Early emergency legislation
During the New Zealand wars of the 1840s and 1860s martial law was imposed on ‘disturbed areas’ where fighting occurred between Māori and government forces. In 1882, after the 1881 government raid on the Māori community of Parihaka, the West Coast Peace Preservation Act was introduced. This allowed the prophets Te Whiti-o-Rongomai and Tohu Kākahi, the leaders of Parihaka, to be imprisoned indefinitely without trial.
In April 1932, following a rioting in Auckland linked to unemployment, the Public Safety Conservation Act was passed, allowing the government to assume unrestricted powers in a declared state of emergency. The act was first invoked by the Labour government at the outbreak of the Second World War in 1939. It was also used by the National government during the waterfront dispute of 1951. The act was repealed in 1987, immediately before the introduction of the International Terrorism (Emergency Powers) Act.
The attack on the Rainbow Warrior
In July 1985 the Greenpeace vessel Rainbow Warrior was sunk in Auckland Harbour by a bomb. One of the crew, Fernando Pereira, was drowned. The ship had been about to lead a protest fleet against French nuclear testing. The French foreign intelligence service (the DGSE) carried out the bombing. According to many authorities, this was not terrorism as it was an action by government agents officially sanctioned by a sovereign nation. New Zealand’s Chief Justice Ronald Davison disagreed. When delivering the judgement of the High Court on bombing conspirators Alain Mafart and Dominique Prieur, he stated, ‘In my view this activity may well fall within the definition of terrorist activity.’1
International Terrorism (Emergency Powers) Act 1987
The New Zealand government regarded the sinking of the Rainbow Warrior by French agents in 1985 as an act of international terrorism. In response to the bombing the government introduced the International Terrorism (Emergency Powers) Act 1987. If an international terrorist emergency develops in New Zealand, the 1987 act allows the prime minister to call a meeting of at least three ministers of the Crown to declare a state of emergency. Emergency powers, including some powers of censorship, then apply. After 7 days emergency powers cease to operate unless extended by Parliament or, if Parliament is not sitting, by the governor-general. An international terrorist incident must involve actions, or threats of actions, to kill or injure people or to seriously damage property. The actions must also be aimed to coerce or intimidate a government or person.
There was some controversy over this act. Critics argued that it did not give a clear enough definition of an international terrorist incident. They also charged that the censorship provisions were too draconian. The law remains on the books although, as of 2012, its powers have never been used.
Criticism of anti-terrorism laws
Green Party MPs were alone in voting against the Terrorism Suppression Act 2002, which was passed by 106 votes to 9. They were also the main parliamentary opponents of various aspects of the Counter-Terrorism Bill. The Greens, along with civil liberties activists, have continued to be critical of the anti-terrorism laws. Objections to the laws have mainly been on the grounds that they allow too broad a definition of terrorism and give too much power to the police and intelligence agencies.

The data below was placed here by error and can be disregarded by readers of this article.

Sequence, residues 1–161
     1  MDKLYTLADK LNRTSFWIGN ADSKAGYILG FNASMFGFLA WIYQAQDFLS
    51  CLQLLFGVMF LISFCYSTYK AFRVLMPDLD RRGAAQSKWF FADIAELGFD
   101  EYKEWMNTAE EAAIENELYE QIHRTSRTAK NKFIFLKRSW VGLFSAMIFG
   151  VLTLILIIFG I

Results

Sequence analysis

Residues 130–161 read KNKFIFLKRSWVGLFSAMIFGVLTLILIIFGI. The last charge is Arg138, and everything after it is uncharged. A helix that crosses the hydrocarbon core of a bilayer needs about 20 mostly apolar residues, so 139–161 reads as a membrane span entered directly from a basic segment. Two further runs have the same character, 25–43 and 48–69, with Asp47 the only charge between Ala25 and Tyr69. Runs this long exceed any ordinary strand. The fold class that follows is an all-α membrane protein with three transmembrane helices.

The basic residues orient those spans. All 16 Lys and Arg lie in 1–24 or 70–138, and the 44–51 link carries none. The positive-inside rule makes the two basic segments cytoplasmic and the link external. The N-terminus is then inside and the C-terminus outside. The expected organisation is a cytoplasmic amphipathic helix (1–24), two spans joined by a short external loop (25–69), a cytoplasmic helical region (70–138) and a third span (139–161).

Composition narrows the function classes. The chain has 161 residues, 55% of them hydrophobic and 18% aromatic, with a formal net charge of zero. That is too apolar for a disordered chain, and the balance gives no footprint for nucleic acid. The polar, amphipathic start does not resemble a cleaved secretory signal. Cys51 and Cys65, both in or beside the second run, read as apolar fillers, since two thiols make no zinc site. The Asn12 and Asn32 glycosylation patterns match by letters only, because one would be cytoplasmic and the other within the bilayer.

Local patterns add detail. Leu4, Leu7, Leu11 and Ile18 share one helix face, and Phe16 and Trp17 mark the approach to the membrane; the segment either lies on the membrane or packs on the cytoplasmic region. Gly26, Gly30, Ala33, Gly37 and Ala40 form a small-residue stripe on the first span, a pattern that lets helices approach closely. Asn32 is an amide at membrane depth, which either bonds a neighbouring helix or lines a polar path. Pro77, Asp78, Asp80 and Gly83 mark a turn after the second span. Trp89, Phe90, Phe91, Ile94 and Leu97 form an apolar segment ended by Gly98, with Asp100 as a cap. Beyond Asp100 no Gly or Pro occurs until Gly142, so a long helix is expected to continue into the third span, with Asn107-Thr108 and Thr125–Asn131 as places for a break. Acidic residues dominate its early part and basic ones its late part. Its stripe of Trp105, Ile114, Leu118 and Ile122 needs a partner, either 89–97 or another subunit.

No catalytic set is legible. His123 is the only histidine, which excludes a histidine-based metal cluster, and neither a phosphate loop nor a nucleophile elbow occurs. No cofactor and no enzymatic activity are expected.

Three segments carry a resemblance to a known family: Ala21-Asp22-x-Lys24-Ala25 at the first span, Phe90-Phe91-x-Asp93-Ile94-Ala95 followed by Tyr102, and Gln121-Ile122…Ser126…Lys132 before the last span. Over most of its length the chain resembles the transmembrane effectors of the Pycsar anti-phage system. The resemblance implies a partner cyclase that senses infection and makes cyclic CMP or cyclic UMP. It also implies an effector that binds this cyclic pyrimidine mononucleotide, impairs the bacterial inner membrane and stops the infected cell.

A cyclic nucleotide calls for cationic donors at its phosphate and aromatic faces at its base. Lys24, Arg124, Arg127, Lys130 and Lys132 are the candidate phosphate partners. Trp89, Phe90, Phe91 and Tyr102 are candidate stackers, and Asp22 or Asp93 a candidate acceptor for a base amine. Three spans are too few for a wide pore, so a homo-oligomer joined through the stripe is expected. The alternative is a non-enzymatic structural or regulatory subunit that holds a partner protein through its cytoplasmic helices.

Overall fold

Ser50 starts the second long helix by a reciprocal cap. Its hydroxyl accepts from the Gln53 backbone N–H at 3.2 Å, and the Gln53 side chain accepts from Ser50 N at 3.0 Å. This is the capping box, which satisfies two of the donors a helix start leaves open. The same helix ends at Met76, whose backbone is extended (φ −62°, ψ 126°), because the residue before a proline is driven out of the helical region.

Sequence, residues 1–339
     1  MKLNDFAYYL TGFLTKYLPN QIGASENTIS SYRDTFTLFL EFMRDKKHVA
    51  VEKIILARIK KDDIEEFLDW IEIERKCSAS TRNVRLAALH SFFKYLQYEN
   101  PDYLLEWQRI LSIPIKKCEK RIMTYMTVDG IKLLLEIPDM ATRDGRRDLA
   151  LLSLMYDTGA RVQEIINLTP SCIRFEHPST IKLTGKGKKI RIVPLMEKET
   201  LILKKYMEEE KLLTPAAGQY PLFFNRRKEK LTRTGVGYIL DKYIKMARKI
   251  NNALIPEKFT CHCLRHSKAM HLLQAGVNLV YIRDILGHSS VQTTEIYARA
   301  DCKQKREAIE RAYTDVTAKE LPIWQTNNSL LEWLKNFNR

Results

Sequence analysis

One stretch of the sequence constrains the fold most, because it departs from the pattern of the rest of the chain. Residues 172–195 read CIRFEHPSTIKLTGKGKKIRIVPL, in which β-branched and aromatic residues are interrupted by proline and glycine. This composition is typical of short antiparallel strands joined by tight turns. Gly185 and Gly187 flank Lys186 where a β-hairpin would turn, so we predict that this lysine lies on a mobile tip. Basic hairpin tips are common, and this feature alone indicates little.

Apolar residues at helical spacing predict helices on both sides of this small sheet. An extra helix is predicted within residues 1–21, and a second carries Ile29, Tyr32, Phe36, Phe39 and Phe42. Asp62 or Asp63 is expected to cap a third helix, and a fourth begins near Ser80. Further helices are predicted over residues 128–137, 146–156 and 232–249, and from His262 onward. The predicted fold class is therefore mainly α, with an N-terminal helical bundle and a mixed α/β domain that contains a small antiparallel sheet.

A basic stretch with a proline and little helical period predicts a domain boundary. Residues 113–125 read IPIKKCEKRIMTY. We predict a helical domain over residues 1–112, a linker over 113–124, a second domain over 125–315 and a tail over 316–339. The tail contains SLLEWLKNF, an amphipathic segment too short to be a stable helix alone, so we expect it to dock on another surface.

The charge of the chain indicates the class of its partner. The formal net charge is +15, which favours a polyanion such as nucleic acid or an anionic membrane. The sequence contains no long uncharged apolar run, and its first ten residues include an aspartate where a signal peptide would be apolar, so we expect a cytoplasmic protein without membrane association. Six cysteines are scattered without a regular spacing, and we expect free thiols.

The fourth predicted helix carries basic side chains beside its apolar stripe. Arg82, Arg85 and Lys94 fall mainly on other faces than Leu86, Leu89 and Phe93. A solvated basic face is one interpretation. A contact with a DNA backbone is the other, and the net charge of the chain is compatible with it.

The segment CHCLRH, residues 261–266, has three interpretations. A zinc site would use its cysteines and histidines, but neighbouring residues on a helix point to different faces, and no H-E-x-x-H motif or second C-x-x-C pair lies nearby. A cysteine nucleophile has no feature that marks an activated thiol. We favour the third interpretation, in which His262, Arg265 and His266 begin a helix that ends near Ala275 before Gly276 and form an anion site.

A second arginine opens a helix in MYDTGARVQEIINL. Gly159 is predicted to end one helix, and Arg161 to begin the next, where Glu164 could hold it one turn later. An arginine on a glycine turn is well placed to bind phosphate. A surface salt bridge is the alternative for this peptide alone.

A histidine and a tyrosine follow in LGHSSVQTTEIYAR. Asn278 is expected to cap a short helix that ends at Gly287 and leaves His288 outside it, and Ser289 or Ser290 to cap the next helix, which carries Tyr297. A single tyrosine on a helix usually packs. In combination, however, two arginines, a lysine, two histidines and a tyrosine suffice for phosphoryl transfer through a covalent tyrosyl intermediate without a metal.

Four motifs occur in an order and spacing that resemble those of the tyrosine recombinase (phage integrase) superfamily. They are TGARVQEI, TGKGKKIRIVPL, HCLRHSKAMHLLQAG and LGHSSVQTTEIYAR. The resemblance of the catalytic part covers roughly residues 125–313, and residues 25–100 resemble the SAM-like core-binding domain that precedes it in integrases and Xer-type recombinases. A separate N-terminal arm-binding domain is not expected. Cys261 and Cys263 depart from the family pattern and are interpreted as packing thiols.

Terrorism Suppression Act 2002
Following the 11 September 2001 attacks on the World Trade Center and the Pentagon in the US, New Zealand’s Parliament passed the Terrorism Suppression Act 2002. The act increased the powers available to the government to combat terrorism. It also enabled New Zealand to meet its obligations under United Nations anti-terrorist conventions and resolutions. The act made it illegal to participate in or recruit for terrorist groups. It outlawed financial assistance to terrorists and allowed the forfeiture of property or the freezing of assets of terrorist groups or their assistants. It gave the prime minister the power to designate groups as ‘terrorist’ on the grounds that they have participated in terrorist acts.
Up to 2012 the groups designated as terrorist under the act have included those listed by the United Nations as connected with Al Qaeda, a militant Islamist organisation responsible for the 2001 attacks on the US. Also included are the Real IRA (Irish Republican Army), the Basque separatist group ETA (Euskadi Ta Askatasuna), the PKK (Partiya Karkeren Kurdistan or Kurdish Workers’ Party), the Colombian FARC (Fuerzas Armadas Revolucionarias de Colombia) and the New People’s Army of the Philippines.
The Counter-Terrorism Bill, 2003
The Counter-Terrorism Bill aimed to widen both the investigative powers and the criminal penalties that could be applied against terrorism. The bill was subsequently divided into six amendment bills, which added the desired legislation into six pre-existing acts.
The amendments added as offences the improper use of nuclear material or unmarked plastic explosives, the causing of sickness or disease in animals and the contamination of food crops. It was also made an offence to harbour or conceal terrorists. Terrorism was declared an aggravating factor in the sentencing for other offences. The amendments also increased police ability to use tracking devices, to access computers and to obtain interception warrants. All the amendments were passed into law in 2003.